The Kardashian family is famous for broadcasting their private lives in lurid detail but one advocacy group says they don’t share enough when it comes to paid social media gigs.
Truth in Advertising recently sent a letter to family manager Kris Jenner and dozens of associated brands alleging that five members of the reality show tribe have repeatedly failed to disclose instances in which Instagram posts were paid for by an advertiser a violation of the Federal Trade Commission’s rules.
The letter specifically named Kim Kardashian, Khloe Kardashian, Kourtney Kardashian, Kylie Jenner and Kendall Jenner as offenders, as well as brands such as Puma, Fit Tea and Calvin Klein.
Like many celebrities, the Kardashians often use their popular social media accounts to plug brands in exchange for money.
Under the FTC’s rules, these paid posts must be clearly marked as such in order to avoid deceiving potential customers.
The agency tightened those guidelines earlier this month, telling Bloomberg that the most commonly used indicators #ad, #sp and #sponsored are not clear enough on their own.
Some of the Kardashian branded posts are sprinkled with these abbreviated disclosures, but others make no mention of a sponsorship. The Kardashians appear to have retroactively edited a few of the posts following the publication of the letter.
If the FTC does decide to look into the matter it wouldn’t be the first time a Kardashian has run afoul of a government agency on social media. The U.S. Food and Drug Administration sent a scolding letter to Kim last summer over a morning sickness drug ad it saw as misleading.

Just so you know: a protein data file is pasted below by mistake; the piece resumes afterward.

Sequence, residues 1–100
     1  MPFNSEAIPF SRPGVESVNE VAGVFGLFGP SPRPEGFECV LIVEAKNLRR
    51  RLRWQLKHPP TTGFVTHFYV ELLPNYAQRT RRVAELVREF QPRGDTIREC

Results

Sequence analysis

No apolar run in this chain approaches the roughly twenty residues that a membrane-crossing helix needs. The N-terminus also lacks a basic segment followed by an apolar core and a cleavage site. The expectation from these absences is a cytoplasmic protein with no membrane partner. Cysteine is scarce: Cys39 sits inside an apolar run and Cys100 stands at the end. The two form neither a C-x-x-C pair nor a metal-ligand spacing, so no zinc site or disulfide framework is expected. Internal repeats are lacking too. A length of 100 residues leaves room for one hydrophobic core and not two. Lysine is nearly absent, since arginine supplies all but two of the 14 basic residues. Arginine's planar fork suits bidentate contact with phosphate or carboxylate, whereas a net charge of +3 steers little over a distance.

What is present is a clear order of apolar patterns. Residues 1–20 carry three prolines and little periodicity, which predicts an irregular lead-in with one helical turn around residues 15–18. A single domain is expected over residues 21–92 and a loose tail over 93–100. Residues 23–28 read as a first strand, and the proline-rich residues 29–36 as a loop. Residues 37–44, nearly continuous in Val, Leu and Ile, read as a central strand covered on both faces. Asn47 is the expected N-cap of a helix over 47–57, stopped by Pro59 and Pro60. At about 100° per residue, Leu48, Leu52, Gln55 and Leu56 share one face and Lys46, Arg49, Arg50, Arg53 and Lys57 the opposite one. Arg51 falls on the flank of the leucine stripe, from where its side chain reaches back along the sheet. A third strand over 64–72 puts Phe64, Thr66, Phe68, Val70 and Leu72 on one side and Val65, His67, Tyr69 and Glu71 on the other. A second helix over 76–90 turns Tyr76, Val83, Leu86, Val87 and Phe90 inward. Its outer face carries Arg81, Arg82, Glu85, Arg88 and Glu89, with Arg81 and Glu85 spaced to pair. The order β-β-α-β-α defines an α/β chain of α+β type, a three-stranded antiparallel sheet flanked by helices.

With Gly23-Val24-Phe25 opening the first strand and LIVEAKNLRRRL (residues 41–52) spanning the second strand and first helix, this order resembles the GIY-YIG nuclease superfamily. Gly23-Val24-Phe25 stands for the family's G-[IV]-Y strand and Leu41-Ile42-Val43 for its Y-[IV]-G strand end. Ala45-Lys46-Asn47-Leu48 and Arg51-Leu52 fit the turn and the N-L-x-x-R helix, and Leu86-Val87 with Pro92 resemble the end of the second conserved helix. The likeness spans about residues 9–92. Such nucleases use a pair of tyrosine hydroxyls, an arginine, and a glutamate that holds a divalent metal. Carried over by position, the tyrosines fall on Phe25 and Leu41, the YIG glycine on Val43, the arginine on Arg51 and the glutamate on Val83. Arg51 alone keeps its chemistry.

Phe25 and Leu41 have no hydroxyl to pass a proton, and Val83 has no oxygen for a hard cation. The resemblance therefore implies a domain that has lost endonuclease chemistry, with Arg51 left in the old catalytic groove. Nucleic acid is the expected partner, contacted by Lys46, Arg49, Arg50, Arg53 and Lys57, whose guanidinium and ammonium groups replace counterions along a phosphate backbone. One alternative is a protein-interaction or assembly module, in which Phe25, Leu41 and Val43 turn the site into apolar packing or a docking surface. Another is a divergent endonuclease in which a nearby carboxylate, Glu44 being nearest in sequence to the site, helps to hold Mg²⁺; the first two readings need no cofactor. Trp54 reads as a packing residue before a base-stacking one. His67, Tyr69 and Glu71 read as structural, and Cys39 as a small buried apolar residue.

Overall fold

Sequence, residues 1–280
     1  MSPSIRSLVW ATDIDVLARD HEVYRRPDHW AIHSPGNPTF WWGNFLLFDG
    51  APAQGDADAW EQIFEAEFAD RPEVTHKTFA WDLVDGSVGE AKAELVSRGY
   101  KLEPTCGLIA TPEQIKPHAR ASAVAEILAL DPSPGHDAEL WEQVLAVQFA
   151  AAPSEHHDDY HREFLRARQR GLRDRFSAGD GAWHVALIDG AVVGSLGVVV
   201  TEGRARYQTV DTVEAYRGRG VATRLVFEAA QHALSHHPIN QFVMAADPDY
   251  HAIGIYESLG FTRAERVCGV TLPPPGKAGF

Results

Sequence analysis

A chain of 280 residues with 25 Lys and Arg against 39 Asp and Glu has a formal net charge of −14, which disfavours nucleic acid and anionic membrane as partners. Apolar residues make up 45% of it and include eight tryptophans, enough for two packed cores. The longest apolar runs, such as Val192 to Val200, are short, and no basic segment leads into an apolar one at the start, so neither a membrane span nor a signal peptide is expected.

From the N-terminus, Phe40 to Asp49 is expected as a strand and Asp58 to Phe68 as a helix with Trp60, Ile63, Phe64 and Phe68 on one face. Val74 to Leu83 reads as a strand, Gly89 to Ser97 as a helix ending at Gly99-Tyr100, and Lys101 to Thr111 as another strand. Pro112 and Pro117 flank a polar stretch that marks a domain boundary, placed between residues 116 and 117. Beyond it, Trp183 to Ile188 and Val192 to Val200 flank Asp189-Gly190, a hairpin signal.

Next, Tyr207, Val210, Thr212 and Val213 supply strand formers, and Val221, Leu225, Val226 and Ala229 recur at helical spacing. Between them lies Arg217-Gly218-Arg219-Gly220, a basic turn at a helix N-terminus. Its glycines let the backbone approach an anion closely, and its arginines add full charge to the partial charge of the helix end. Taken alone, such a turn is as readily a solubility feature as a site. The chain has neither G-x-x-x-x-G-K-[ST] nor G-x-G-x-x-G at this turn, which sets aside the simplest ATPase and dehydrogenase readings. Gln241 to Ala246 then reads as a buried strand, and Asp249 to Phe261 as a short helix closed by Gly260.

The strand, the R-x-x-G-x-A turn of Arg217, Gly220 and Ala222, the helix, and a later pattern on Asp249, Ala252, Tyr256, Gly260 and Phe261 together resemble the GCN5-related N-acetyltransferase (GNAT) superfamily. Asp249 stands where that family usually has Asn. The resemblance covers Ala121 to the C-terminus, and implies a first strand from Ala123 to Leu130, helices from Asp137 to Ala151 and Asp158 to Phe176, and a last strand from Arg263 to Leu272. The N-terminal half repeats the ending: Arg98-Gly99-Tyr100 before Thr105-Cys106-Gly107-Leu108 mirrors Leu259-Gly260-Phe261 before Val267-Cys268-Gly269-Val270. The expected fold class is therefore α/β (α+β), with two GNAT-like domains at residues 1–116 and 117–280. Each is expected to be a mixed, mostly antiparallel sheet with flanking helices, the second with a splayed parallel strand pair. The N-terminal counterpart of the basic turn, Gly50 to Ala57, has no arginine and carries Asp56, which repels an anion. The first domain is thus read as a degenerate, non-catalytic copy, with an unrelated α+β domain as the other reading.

Despite the FTC’s strict warnings, adherence to the disclosure rule seems to be somewhat scattered. On Snapchat, for instance, popular users only recently started marking ads at all. On Twitter, where space is limited, celebrities often flout the rule.
Stefania Pomponi, founder and president of an influencer marketing agency called Clever Girls, said she notices more violations among big-name celebrities than the less famous bloggers and personalities that make up the bulk of the industry.
“It’s not the mom blogger in the midwest who’s going to be the violation they’re trying to do the right thing,” she says. “They’re frustrated by the fact that celebrities like the Kardashians who basically live a Truman Show, completely sponsored life don’t disclose anything.”
Even if the FTC did decide to act, it can’t actually fine anyone; at most, the group can mandate an apology or, in extreme cases, force a customer reimbursement.
Advertising lawyer Jeffrey Greenbaum told Mashable in an earlier interview that the nebulous world of social media marketing has proven a headache for the FTC. In recent months, the agency seems to be making a concerted effort to crack down on offenders.